In some respects, I'm surprised with what I saw Friday from NovaStar Financial
Results for the second quarter appeared to be both solid in their own right and relative to expectations. Loan originations were up 19%, net interest income was up 51%, and loans under management grew 42%. When it all hits the bottom line, net income was up 11% and EPS was down 4% (due to increased share dilution). For those investors interested in non-generally accepted accounting principles "core earnings," per-share growth here was 77% for the quarter.
Interestingly, book value climbed 52% from the year-ago level to $16.29. While skeptics are going to retort that book value can be inflated if the asset values are overstated, it's a circular argument at some point. The presented numbers are whatever they are -- believe them or don't -- and invest accordingly.
In the quarterly report, management confirmed that it's continuing its recent dividend policy -- that is, a $1.40 quarterly dividend. The dividend policy at NovaStar is a bit more complicated than with regular companies because of its status as a mortgage REIT: NovaStar must pay out 85% of its taxable income as dividends or pay a 4% excise tax on the excess.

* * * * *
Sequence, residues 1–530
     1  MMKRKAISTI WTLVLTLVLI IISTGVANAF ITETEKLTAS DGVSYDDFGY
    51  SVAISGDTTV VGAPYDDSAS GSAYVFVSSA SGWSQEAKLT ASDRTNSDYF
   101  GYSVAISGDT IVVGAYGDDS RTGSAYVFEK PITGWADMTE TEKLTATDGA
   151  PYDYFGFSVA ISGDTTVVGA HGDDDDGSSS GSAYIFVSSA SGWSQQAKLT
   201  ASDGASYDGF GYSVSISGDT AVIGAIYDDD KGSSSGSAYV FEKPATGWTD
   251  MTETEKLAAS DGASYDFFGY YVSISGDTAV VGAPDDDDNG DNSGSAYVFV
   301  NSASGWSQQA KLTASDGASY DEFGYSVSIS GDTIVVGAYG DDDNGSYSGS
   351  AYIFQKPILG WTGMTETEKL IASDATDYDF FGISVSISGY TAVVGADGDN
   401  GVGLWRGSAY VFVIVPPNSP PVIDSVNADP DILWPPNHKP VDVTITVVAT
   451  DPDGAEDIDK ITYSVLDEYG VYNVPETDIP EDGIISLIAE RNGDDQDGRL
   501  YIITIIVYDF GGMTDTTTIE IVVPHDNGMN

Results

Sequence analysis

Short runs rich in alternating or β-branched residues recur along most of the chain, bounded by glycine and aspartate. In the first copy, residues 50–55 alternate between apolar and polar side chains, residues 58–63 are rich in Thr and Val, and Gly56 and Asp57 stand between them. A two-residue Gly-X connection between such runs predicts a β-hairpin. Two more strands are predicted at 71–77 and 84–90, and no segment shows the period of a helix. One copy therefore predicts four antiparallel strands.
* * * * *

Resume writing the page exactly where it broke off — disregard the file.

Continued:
As a result, NovaStar has paid special dividends in the past to disgorge excess income without disrupting its regular dividend payment schedule. Within its guidance, management said it does not anticipate paying such a special dividend. Even if NovaStar ultimately underpays and is forced to pay an excise tax, the amounts involved are likely still cost-effective, and NovaStar might actually be better served by hanging on to the cash and paying the tax as opposed to borrowing money at higher rates.
This is still not a favored idea for me. I'm not a fan of the mortgage market and I have serious concerns about what will happen if or when the boom ends, the economy stalls, and defaults go up. But that's not an issue unique to NovaStar -- I personally wouldn't buy Hanover Capital
If the housing market has a soft landing and the Fed stops hiking rates before the economy hits the skids, NovaStar could come out all right and keep paying a nice dividend. But if I were going to make a play for high yields today, I'd rather look at Canadian royalty trusts and leave the mortgage REITs for other investors.
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Fool contributor Stephen Simpson has no financial interest in any stocks mentioned (that means he's neither long nor short the shares).